A few weeks ago word got out that the U.S. Air Force had purchased 2,200 PS3s to throw into a supercomputing cluster. The cell-powered PS3s are to be used for research in “urban surveillance,” what that is.
No, this isn’t the first time the PS3 has been used unusually. Folding@home has used the PS3 to help research protein folding.
Immigration officials also use the PS3 to help crack encrypted hard drives that are suspected to contain child pornography.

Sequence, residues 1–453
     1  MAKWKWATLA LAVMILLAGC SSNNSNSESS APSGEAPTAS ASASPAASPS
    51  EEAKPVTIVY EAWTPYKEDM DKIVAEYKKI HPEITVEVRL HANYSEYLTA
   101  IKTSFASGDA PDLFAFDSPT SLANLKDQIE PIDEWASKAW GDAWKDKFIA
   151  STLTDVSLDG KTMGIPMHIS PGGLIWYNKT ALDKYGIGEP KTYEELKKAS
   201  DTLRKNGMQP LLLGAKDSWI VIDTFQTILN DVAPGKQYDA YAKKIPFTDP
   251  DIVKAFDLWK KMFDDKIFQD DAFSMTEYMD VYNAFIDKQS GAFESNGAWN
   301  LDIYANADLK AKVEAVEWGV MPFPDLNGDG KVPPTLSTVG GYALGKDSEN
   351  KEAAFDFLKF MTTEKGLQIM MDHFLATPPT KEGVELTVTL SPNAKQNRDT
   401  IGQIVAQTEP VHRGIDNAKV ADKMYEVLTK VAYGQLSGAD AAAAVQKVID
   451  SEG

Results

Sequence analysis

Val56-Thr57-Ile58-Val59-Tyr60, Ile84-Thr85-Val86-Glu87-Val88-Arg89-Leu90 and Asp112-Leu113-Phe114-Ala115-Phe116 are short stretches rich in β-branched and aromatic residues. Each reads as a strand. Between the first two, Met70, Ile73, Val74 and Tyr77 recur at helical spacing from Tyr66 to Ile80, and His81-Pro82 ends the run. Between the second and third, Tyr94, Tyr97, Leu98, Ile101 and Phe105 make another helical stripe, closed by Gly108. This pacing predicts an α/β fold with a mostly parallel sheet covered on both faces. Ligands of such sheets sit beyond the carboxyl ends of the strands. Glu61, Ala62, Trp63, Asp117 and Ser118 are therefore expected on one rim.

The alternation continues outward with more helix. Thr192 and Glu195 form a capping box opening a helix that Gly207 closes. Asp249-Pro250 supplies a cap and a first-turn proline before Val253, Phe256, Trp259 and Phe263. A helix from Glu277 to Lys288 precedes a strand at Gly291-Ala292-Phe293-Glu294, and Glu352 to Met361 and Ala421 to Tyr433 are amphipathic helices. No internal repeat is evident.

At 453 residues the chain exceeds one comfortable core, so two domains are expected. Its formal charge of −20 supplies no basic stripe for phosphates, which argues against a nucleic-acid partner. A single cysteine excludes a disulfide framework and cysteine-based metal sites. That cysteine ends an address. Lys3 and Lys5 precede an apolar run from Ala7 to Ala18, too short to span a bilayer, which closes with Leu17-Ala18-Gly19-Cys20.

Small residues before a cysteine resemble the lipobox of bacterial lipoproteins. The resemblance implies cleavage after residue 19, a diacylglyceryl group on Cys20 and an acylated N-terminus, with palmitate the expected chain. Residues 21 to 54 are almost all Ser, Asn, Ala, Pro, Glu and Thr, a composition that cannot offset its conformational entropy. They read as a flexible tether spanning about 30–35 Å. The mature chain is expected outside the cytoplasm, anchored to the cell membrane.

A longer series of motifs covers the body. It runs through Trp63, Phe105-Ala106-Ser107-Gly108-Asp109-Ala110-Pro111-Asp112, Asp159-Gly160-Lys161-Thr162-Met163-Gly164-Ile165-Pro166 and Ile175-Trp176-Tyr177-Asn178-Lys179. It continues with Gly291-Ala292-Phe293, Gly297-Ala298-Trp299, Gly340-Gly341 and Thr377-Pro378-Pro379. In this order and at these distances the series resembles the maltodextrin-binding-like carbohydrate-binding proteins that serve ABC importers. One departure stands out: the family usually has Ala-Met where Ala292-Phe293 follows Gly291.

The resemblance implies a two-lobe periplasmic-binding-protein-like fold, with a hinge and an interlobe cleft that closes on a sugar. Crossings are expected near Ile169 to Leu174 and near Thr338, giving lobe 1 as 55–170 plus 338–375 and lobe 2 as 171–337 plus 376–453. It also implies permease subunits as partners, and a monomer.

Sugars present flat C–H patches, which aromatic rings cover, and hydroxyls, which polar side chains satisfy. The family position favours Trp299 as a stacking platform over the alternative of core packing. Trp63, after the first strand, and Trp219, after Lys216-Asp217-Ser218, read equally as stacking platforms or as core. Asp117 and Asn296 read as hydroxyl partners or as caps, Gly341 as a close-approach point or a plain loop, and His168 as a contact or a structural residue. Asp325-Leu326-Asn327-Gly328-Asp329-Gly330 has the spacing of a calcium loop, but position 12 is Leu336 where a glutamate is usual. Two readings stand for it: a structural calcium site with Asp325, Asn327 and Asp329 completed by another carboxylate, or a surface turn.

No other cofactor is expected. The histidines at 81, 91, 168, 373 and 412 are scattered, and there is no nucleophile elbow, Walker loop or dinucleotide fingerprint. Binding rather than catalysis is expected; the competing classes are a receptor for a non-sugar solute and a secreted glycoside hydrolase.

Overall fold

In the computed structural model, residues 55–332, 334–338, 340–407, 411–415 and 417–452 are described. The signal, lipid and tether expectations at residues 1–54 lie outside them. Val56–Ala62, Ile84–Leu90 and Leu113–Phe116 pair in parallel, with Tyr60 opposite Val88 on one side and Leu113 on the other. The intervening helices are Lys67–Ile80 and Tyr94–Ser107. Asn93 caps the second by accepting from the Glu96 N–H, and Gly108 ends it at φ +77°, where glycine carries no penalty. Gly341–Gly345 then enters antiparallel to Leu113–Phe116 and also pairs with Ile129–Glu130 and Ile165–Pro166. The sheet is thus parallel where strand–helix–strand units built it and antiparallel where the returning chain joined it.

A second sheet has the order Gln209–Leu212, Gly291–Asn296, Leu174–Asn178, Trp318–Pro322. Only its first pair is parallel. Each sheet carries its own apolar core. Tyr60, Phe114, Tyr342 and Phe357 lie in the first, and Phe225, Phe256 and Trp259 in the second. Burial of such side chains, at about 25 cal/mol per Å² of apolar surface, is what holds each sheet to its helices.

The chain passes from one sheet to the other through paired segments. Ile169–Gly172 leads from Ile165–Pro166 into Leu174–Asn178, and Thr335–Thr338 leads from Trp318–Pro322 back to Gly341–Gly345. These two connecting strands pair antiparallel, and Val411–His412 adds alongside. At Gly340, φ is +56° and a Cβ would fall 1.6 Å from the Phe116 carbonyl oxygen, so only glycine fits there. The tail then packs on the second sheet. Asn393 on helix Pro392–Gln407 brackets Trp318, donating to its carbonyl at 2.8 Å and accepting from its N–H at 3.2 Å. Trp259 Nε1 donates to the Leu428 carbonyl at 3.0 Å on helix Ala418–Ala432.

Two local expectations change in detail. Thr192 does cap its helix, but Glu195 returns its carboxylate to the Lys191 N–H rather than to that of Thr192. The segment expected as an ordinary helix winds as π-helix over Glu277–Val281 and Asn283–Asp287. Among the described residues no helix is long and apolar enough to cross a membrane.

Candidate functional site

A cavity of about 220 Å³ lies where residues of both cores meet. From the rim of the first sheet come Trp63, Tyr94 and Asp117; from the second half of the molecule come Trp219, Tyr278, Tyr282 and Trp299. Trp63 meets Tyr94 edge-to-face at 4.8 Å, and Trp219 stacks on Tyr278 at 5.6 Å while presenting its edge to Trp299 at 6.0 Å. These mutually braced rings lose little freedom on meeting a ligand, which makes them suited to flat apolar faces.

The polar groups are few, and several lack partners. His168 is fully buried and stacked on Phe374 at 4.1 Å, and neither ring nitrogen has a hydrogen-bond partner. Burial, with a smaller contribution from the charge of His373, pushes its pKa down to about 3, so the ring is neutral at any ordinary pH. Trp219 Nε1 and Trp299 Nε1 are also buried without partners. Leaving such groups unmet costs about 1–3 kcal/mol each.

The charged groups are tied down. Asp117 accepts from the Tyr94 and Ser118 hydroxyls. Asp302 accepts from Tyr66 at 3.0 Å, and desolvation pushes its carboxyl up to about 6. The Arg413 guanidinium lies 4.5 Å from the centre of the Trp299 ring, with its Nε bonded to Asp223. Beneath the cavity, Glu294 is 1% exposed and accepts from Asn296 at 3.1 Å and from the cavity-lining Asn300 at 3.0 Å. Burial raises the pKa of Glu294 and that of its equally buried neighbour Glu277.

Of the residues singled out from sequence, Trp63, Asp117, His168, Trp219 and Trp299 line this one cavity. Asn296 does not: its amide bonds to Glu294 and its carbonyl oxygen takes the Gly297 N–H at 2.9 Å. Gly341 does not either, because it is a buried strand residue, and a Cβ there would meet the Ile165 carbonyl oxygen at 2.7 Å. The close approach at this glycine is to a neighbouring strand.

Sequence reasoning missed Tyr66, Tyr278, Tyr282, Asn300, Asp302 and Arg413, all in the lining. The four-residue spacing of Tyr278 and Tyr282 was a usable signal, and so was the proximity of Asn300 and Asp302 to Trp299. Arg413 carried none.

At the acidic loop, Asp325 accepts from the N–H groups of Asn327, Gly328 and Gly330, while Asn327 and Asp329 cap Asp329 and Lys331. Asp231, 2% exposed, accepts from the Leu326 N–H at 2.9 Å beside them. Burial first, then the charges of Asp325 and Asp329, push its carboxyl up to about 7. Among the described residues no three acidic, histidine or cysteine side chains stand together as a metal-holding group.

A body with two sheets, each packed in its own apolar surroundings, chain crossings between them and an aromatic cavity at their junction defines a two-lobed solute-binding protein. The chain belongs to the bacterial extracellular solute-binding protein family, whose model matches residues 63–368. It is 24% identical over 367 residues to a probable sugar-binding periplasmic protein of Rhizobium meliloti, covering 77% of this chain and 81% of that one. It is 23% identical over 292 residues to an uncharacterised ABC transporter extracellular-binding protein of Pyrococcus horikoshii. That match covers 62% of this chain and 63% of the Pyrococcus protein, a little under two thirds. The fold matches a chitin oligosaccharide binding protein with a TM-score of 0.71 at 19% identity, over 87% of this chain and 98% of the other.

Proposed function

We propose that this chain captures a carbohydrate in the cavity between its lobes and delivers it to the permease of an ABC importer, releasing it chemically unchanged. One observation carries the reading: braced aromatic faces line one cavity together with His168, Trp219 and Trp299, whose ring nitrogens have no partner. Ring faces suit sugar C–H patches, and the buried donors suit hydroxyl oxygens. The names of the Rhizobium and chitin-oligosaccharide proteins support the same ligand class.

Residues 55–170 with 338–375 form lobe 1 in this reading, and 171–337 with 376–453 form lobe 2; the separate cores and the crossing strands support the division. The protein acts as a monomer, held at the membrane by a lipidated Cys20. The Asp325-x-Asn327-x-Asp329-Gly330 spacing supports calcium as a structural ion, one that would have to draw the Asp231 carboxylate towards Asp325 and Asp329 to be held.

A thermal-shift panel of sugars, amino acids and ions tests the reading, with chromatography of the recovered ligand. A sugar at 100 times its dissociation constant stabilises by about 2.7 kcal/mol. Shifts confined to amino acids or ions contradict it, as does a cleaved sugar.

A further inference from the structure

You already know why these organizations are using the PS3: it’s tremendously powerful, especially when you take into account it only costs $300 a pop. So you buy a few of them, string ’em together, and there you go.